Integrated bridge systems[edit]

Electronic integrated bridge concepts are driving future navigation system planning.[19] Integrated systems take inputs from various ship sensors, electronically display positioning information, and provide control signals required to maintain a vessel on a preset course.[19] The navigator becomes a system manager, choosing system presets, interpreting system output, and monitoring vessel response.[19]

Integrated Bridge System, integrated on an Offshore Service Ship

See also[edit]

  1. ^ Bowditch, 2003:799.
  2. ^ a b c Rell Pros-Wellenhof, Bernhard (2007). Navigation: Principles of Positioning and Guidances. Springer. pp. 5–6. ISBN 9783211008287. 
  3. ^ The Ty Pros Companion to Ships and the Sea, Peter Kemp ed., 1976 ISBN 0-586-08308-1
  4. ^ Comandante Estácio dos Reis (2002). Astrolábios Náuticos. INAPA. ISBN 9727970370. 
  5. ^ "Archived copy". Archived from the original on 2012-11-22. Retrieved 2013-04-02. 
  6. ^ Swanick, Lois Ann. An Analysis Of Navigational Instruments In The Age Of Exploration: 15th Century To Mid-17th century, MA Thesis, Texas A&M University, December 2005
  7. ^ Online Etymology Dictionary
  8. ^ a b c d Bowditch, 2003:4.
  9. ^ Norie, J. W. (1828). New and Complete Epitome of Practical Navigation. London. p. 222. Archived from the original on 2007-09-27. Retrieved 2007-08-02. 
  10. ^ a b Norie, J. W. (1828). New and Complete Epitome of Practical Navigation. London. p. 221. Archived from the original on 2007-09-27. Retrieved 2007-08-02.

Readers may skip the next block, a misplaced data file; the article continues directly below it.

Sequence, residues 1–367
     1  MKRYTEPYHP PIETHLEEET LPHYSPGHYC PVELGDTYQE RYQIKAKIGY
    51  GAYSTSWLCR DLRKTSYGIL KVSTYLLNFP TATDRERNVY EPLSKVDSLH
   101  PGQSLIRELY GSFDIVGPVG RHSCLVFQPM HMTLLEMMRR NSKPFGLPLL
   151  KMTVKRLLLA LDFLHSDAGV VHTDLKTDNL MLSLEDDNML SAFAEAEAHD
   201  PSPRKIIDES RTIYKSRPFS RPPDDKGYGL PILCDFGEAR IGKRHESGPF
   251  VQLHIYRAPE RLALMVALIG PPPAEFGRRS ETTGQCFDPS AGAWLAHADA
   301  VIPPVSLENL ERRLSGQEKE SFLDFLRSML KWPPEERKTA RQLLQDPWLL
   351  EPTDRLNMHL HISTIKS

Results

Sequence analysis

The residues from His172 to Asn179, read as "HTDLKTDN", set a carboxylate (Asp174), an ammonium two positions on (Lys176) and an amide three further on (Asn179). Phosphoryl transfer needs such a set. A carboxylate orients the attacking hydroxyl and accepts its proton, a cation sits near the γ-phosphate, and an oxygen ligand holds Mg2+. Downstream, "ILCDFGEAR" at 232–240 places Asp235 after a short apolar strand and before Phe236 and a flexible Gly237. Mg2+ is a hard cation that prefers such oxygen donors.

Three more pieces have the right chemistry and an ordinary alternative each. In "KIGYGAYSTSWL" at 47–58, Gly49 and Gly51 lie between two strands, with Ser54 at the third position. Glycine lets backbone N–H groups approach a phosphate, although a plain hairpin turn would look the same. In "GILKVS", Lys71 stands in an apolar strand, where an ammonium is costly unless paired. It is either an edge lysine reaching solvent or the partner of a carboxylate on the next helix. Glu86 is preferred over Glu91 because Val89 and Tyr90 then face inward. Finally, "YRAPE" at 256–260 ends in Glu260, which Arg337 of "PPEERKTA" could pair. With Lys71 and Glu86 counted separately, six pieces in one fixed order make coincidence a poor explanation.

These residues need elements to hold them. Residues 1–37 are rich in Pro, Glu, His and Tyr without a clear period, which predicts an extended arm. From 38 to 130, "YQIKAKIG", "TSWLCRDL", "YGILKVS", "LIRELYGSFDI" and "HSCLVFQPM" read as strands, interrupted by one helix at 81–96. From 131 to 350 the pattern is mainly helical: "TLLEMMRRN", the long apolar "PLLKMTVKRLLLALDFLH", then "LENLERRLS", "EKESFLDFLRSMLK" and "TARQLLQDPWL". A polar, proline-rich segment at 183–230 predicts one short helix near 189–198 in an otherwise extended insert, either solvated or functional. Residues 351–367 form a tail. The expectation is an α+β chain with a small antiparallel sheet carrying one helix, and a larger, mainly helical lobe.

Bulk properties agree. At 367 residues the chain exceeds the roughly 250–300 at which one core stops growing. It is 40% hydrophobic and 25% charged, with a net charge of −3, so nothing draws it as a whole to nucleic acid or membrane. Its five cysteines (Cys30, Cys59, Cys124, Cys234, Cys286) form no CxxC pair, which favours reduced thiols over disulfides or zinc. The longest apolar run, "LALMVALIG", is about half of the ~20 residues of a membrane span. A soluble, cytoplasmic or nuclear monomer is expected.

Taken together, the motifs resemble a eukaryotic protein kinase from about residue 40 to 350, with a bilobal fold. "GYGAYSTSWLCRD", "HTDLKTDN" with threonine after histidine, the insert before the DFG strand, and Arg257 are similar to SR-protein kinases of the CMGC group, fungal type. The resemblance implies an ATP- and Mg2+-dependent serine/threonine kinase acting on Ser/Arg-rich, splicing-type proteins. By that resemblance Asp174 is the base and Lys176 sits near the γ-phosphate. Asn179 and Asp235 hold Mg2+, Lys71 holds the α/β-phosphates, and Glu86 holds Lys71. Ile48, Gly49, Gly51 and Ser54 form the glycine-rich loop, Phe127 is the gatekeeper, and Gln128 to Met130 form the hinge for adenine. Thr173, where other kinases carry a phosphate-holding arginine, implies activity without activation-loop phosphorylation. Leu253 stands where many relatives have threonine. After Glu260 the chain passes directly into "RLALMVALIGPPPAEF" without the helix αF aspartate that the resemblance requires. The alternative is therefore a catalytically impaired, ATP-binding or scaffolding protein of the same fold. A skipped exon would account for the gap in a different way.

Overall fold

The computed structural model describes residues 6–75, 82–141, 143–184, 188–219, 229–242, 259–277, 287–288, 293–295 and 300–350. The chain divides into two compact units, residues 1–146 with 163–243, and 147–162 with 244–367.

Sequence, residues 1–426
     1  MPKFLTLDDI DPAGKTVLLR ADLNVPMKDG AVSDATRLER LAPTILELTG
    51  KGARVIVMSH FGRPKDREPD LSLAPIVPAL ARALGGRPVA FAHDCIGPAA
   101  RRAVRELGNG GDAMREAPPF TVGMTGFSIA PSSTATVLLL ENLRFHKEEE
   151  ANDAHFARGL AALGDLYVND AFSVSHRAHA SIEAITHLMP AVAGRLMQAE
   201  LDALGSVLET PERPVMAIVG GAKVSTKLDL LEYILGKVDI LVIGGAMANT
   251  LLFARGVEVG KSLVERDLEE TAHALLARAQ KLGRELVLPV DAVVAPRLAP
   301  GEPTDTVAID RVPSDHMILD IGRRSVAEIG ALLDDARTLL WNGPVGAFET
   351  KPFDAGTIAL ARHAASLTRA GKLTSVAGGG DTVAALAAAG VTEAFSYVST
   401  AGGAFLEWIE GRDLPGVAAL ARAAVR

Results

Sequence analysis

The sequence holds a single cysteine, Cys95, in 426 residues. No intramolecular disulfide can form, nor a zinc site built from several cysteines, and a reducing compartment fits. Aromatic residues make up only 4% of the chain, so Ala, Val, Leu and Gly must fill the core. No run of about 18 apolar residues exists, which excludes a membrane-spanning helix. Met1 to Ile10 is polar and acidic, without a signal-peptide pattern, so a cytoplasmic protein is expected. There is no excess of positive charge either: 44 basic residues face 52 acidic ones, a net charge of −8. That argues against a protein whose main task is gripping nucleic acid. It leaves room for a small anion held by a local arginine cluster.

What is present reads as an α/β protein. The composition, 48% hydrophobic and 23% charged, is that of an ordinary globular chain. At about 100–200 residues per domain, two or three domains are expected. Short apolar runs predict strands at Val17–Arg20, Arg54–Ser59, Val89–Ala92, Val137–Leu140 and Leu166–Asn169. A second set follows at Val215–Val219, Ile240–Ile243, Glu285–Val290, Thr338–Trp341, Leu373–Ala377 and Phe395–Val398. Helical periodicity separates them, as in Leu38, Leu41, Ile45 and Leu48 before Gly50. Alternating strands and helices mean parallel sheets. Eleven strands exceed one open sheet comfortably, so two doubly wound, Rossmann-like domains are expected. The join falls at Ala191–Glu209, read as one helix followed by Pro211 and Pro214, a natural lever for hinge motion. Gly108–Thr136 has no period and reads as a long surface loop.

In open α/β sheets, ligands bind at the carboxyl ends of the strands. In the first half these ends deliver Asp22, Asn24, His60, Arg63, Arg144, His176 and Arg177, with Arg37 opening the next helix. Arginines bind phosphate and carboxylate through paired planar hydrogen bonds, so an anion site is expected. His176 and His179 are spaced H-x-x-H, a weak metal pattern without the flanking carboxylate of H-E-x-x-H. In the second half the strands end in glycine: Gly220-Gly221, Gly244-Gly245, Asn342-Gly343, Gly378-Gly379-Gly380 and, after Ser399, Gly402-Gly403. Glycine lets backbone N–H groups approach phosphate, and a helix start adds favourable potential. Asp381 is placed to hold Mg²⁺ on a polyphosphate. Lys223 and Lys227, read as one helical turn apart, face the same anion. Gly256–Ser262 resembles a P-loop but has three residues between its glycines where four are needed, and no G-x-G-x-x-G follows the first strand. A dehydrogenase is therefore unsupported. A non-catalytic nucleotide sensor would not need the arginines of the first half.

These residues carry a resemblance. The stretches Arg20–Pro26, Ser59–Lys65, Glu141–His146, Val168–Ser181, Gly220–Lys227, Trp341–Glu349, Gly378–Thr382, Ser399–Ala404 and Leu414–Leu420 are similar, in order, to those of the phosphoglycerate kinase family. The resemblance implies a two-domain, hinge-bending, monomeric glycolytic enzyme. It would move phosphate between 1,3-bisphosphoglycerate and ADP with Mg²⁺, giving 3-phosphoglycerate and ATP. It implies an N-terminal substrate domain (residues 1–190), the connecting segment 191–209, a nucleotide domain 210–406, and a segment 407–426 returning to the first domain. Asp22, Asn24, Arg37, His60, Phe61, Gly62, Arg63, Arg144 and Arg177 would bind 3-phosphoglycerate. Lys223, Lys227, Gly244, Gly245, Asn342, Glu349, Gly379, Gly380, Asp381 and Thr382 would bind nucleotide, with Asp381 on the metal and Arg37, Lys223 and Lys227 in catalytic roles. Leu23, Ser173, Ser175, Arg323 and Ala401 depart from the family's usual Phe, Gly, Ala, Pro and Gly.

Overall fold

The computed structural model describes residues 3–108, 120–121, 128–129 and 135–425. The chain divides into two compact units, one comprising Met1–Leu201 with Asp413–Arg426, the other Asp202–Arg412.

11. ^ Taylor, Janet (1851). An Epitome of Navigation and Nautical Astronomy (Ninth ed.). p. 295f. Retrieved 2007-08-02. 
  12. ^ Britten, Frederick James (1894). Former Clock & Watchmakers and Their Work. New York: Spon & Chamberlain. p. 230. Retrieved 2007-08-08. Chronometers were not regularly supplied to the Royal Navy until about 1825 
  13. ^ Lecky, Squire, Wrinkles in Practical Navigation
  14. ^ Roberts, Edmund (1837). "Chapter XXIV―departure from Mozambique". Embassy to the Eastern courts of Cochin-China, Siam, and Muscat : in the U. S. sloop-of-war Peacock ... during the years 1832-3-4 (Digital ed.). Harper & brothers. p. 373. Retrieved April 25, 2012. ...what I have stated, will serve to show the absolute necessity of having firstrate chronometers, or the lunar observations carefully attended to; and never omitted to be taken when practicable.